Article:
Oh! thanks for your quick reply, Steve. BTW Congratulations for tis great site for musicians, and jazz lovers. I’m a musician and I’m now in the way tol get back to school to do Music Education .I learn piano in Cuba, I play and sing latin jazz or what me and my band call” ” tropical jazz “.Your tips and lessons come very handful

  • Kruttika Sequeira

    hey steve,
    i love your tutorials. helped me a lot. I was learning the keyboard for 8 years and recently shifted to piano. I’m finding the transition very difficult and my fingers very weak. Also, i have a vision problem called macular dystrophy , because of which, i cannot sight read, I fear i may never be able to play like elton john or chick corea. I really want to be a great pianist and singer.

    • Hi Kruttika,
      Thank you for the kind words! I wouldn’t worry much about sight-reading. You can still become a great player with the right dedication. You just have to strengthen your other musical skills. I would recommend you try and develop your ear training and musical ear as much as possible. That will be the key to your success. There have many great pianists who either have been completely blind or had vision issues by the way (Ray Charles, Stevie Wonder, Art Tatum, Marcus Roberts…just to name a few). Anything is possible my friend. I have faith in you!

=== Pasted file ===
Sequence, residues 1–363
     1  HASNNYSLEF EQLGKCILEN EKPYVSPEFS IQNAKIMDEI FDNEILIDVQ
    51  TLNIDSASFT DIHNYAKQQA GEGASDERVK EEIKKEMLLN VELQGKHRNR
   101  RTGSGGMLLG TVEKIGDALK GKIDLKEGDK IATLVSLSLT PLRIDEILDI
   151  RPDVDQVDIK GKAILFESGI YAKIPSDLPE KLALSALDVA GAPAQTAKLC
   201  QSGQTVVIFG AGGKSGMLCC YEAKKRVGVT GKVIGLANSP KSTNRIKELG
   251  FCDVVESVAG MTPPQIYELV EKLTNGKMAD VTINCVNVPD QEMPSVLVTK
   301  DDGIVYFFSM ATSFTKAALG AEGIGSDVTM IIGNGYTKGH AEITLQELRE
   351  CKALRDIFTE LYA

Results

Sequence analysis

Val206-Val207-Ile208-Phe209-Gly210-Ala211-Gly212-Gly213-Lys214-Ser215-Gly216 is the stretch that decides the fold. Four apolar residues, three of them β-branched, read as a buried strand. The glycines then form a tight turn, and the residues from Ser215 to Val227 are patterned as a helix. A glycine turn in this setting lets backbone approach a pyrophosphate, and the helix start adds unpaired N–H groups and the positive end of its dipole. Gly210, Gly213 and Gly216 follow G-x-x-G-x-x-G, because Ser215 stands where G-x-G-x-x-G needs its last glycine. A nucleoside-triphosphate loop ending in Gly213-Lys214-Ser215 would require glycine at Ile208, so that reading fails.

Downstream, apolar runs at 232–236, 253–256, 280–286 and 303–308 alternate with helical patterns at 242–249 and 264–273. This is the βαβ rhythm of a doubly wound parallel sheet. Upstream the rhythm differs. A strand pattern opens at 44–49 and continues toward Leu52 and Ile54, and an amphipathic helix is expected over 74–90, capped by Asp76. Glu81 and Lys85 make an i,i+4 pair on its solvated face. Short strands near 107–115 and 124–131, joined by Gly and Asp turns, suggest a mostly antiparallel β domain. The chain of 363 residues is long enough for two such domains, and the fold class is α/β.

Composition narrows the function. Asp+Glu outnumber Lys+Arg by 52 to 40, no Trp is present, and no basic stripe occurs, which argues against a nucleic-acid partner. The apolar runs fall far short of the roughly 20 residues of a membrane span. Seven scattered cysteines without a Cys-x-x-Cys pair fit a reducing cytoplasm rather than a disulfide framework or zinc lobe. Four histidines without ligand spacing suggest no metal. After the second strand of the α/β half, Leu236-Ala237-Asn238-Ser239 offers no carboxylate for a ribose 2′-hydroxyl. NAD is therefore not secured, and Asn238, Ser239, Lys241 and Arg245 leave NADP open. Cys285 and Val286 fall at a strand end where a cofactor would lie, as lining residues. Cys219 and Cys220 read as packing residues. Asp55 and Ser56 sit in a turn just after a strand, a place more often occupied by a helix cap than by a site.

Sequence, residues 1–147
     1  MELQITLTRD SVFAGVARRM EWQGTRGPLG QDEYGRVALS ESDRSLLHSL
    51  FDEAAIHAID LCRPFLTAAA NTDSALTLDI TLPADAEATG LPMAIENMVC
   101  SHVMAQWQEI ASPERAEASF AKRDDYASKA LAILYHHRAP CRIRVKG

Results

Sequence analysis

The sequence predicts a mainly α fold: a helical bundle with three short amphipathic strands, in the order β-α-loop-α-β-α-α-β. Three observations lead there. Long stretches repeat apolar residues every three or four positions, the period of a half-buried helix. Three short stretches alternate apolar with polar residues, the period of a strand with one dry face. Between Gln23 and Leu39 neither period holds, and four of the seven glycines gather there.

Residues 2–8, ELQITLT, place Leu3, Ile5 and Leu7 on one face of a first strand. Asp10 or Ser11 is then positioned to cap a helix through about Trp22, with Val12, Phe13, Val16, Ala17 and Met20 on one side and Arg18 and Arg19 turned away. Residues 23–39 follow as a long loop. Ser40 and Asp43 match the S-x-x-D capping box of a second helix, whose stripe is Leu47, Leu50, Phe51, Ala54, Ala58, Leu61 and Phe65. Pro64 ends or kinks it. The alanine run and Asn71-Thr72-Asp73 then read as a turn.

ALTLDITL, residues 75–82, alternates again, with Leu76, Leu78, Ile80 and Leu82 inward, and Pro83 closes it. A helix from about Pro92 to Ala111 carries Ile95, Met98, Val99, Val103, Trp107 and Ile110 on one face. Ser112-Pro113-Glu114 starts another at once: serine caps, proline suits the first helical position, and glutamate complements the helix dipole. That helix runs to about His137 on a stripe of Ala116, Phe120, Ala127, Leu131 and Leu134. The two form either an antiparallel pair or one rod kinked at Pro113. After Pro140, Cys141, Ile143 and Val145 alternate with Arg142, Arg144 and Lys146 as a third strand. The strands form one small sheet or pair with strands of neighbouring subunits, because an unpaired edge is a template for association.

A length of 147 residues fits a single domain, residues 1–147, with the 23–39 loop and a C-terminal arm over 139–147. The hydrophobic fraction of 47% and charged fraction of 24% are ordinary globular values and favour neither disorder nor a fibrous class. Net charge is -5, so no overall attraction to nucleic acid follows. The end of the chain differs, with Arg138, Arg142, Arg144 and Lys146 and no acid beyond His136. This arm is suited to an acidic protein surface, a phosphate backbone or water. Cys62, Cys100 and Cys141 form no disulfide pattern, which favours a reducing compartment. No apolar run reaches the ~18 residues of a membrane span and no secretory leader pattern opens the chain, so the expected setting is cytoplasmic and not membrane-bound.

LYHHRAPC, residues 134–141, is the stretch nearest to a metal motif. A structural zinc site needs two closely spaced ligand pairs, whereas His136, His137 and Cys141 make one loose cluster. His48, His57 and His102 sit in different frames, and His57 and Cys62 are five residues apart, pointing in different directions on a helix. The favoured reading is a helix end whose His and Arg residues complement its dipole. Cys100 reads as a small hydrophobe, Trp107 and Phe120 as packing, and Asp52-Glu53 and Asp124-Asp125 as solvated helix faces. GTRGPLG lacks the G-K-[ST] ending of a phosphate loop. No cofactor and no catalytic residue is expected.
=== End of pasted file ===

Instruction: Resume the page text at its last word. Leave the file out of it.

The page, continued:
• bill

    hi steve. I am a singer/guitarist of many years standing and always approached the material as you have advised here. ie; never play in public a tune i don’t know till I am completely happy with it. the other points you highlight are also equally valid. the professional attitude you speak of is VERY evident in your columns, which is why I enjoy your articles. I play piano ‘cos I like it, and your regular lessons are a boon to me. I have learned so much. the info is also transferable, both being concert instruments, ang as I play guitar in two jazz ensembles, I can put stuff in when learned. great stuff as always. thanks. bill

    • Hey Bill,
      Thanks for the comment. I like to think that I teach big picture music through the vehicle of piano. So, the goal is to always be able to apply these concepts to other instruments. Thanks for sharing your thoughts. They are appreciated.